Monday, 27 April 2009
The Secretary of State was asked—
What assessment he has made of the effects on sixth-form provision in Barnsley of the financial difficulties in the Building Colleges for the Future programme.
What recent discussions he has had with local authorities on proposals to abolish appeals panels for excluded children.
How many three and four-year-olds in Reading have free nursery places.
How much his Department plans to spend per secondary school pupil in 2009-10.
What his most recent assessment is of levels of educational achievement by pupils eligible to receive free school meals; and if he will make a statement.
What steps he is taking to promote fair admissions policies in primary and secondary schools.
If he will make a statement on his departmental responsibilities.
With permission, Mr. Speaker, I shall make a statement on prisons and probation. Let me begin by paying tribute to the 70,000 staff working in the services. Last Monday, the Minister responsible...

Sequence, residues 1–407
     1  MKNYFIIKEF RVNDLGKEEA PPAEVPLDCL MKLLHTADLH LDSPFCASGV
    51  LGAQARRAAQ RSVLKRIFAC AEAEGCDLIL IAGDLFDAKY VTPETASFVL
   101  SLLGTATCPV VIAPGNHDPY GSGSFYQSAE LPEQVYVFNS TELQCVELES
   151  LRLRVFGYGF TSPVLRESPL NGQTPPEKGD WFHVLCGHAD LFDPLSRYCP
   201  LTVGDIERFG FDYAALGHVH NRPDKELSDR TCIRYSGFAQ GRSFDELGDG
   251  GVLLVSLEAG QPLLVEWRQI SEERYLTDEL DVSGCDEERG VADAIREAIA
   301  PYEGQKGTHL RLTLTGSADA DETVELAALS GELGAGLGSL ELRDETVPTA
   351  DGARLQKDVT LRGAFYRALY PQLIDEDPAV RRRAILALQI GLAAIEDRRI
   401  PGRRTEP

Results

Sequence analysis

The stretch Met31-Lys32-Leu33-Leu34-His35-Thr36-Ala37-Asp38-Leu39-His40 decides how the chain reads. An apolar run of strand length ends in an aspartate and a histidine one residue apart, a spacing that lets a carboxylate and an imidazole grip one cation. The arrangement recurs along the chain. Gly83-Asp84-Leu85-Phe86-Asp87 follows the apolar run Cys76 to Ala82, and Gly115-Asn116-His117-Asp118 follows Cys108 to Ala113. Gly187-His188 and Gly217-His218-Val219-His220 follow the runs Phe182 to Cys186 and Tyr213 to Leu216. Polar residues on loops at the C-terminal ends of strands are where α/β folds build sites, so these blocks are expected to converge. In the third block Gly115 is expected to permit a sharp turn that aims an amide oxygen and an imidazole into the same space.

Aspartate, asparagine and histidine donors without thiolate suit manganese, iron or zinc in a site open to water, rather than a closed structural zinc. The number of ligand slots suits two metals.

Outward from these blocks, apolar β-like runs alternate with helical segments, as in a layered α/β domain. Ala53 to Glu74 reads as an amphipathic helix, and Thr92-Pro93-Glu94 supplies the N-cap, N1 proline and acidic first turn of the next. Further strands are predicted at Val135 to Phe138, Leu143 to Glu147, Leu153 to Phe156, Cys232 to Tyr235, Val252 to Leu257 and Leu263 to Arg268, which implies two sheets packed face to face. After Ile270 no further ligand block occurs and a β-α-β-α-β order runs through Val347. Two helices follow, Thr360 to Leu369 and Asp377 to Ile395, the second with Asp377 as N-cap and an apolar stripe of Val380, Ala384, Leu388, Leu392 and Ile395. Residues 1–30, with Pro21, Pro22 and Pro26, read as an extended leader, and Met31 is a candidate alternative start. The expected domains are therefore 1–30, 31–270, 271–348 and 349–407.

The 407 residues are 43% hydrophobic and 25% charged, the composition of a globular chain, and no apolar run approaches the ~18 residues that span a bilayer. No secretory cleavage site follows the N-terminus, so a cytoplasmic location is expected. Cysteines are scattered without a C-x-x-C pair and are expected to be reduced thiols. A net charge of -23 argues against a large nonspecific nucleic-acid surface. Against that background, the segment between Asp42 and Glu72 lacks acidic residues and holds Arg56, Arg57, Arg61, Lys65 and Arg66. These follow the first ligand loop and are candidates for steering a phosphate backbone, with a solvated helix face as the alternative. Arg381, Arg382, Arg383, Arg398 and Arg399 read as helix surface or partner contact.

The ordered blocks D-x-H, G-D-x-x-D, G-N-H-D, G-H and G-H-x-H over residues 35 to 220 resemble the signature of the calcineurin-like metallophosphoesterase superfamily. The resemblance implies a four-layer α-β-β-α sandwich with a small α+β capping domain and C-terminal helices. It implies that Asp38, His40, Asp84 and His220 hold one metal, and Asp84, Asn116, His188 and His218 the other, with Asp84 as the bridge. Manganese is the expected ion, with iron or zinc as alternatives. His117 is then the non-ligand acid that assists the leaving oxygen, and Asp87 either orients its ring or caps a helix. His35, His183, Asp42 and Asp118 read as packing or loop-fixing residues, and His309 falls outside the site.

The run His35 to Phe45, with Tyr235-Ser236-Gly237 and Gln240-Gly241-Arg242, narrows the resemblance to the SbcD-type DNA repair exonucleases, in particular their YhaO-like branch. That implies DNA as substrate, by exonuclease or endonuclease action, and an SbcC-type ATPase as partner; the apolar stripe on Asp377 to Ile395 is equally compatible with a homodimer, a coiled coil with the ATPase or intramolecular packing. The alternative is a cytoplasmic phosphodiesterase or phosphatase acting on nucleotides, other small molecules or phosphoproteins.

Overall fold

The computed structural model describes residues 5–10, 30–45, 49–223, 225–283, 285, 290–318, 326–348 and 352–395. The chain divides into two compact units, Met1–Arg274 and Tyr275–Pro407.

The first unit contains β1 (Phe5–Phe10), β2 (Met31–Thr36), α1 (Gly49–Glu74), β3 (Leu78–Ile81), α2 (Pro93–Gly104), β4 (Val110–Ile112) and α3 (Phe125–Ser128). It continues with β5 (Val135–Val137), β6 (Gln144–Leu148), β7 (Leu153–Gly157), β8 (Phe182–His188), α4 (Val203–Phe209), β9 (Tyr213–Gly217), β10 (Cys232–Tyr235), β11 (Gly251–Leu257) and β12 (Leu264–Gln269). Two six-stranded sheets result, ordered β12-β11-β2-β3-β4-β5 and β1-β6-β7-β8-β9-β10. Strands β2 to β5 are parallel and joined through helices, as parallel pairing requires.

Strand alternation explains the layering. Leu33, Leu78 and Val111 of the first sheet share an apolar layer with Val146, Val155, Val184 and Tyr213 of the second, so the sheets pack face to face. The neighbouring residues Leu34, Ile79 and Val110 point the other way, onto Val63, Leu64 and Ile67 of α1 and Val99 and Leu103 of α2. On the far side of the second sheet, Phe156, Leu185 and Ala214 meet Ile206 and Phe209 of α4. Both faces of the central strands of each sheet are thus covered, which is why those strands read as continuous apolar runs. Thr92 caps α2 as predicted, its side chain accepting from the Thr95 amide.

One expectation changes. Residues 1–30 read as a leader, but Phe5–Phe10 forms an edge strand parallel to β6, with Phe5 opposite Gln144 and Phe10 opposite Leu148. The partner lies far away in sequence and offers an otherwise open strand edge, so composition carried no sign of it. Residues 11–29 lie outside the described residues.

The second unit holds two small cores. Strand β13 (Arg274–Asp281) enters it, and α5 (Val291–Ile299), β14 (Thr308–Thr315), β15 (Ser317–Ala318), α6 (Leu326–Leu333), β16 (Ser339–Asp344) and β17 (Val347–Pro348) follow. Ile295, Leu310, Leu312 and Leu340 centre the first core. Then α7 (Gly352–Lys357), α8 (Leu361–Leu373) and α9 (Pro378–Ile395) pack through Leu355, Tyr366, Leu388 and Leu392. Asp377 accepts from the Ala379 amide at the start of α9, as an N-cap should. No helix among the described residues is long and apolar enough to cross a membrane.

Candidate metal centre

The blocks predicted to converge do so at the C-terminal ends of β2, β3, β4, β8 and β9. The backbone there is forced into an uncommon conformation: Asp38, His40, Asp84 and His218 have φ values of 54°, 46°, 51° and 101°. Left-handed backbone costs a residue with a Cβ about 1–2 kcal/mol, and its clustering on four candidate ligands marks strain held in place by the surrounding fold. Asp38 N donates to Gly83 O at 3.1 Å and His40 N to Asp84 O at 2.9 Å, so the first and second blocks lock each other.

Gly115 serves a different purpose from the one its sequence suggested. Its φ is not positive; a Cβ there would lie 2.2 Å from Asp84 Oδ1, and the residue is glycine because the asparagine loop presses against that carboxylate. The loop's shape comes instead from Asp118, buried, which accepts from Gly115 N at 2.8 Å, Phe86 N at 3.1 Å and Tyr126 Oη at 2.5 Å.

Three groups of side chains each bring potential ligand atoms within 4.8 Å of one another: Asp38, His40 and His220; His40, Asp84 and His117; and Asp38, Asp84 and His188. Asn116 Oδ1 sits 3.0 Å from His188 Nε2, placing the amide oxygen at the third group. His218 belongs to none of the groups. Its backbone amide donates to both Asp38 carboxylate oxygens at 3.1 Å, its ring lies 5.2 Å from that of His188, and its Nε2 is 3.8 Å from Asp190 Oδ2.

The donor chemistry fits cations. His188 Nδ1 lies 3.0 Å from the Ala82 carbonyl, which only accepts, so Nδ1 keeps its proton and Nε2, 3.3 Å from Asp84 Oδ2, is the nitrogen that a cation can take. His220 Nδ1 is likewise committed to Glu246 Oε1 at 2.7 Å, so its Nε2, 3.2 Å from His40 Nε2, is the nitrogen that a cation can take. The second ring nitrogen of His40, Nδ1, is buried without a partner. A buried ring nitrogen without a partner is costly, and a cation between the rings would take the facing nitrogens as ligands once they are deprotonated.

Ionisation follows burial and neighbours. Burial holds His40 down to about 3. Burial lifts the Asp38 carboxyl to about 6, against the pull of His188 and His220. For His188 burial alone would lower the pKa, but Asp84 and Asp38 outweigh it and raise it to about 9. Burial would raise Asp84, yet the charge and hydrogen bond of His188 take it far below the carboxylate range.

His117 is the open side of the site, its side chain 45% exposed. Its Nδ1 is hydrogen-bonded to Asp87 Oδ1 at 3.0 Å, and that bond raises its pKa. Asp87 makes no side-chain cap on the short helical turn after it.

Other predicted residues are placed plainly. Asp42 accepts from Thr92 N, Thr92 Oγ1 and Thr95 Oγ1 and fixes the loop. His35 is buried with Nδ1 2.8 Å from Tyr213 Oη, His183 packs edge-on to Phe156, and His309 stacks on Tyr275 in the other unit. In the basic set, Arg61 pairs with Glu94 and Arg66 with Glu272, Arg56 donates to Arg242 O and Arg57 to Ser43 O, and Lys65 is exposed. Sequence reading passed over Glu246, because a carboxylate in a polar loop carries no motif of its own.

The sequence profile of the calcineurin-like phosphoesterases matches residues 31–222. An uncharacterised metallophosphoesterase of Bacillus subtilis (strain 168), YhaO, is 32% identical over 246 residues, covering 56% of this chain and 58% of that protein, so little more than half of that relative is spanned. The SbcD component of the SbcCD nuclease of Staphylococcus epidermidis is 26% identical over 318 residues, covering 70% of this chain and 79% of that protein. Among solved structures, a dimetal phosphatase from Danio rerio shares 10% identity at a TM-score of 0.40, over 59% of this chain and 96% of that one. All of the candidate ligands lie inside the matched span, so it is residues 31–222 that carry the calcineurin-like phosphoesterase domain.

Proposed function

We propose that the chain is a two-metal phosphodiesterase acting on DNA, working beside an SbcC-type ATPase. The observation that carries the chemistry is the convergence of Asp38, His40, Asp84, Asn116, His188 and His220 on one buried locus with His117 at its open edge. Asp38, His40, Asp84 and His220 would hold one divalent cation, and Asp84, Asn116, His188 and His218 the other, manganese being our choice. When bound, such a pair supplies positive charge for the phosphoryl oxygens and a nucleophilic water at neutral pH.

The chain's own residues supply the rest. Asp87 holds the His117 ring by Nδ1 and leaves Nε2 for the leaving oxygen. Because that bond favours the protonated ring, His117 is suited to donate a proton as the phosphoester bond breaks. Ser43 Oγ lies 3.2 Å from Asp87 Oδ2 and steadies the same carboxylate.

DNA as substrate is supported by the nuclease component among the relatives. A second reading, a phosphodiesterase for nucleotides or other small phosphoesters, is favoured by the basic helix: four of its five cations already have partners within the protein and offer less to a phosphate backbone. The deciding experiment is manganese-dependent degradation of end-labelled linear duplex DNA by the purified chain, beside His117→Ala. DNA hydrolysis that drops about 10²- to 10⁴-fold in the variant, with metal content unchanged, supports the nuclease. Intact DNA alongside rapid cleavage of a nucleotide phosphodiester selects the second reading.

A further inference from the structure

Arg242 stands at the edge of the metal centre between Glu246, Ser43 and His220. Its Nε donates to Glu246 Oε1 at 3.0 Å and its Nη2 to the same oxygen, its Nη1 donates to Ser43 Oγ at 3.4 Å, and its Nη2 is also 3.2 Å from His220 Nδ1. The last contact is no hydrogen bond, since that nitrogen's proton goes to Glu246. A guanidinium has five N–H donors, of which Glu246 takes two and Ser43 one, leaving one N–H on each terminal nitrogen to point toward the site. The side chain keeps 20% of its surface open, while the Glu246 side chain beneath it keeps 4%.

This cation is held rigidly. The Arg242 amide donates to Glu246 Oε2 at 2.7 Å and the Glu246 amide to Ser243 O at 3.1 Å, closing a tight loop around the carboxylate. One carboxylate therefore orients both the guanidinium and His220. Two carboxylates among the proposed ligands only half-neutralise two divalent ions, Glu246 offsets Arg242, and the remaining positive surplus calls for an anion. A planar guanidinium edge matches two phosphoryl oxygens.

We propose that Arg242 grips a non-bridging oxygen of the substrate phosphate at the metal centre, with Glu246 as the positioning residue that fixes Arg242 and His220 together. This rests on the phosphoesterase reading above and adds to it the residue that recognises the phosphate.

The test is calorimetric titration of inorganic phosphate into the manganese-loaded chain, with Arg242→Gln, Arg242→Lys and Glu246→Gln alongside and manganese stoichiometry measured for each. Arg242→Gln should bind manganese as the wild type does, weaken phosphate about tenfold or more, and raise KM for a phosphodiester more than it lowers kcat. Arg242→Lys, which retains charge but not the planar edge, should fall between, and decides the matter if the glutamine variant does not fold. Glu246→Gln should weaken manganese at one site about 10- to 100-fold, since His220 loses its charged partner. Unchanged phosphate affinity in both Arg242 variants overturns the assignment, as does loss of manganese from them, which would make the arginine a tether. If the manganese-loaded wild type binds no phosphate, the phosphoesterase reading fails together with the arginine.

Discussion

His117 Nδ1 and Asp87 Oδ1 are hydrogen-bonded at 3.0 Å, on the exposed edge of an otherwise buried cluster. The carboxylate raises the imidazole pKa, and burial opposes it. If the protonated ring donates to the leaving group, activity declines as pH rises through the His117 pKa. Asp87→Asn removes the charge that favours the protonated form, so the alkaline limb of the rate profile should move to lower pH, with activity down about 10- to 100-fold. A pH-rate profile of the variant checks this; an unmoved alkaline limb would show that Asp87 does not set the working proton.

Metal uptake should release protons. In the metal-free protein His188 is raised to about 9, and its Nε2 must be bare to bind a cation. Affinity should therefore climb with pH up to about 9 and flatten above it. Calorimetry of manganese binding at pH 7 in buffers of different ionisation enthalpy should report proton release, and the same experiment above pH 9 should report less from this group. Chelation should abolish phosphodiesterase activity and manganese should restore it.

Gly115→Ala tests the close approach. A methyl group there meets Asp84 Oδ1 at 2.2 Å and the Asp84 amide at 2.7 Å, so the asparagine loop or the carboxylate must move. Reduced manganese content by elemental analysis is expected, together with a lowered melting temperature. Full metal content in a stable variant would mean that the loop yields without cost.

With permission, Mr. Speaker, I should like to make a statement on the reports of human cases of swine influenza, known as the A(H1Nl) infection, in some parts of the world, notably Mexico and...
Motion for leave to introduce a Bill ( Standing Order No. 23)
Debate resumed (Order, 22 April). Question again proposed, That,— (1) It is expedient to amend the law with respect to the National Debt and the public revenue and to make further...
Resolved, That this House concurs with the Lords Message of 30 March, that it is expedient that a Joint Committee of Lords and Commons be appointed to consider and report on any draft Bribery...
Motion made, and Question proposed, That this House do now adjourn. —(Ms Diana R. Johnson.)
Debates in the House of Commons are an opportunity for MPs from all parties to scrutinise government legislation and raise important local, national or topical issues.
And sometimes to shout at each other.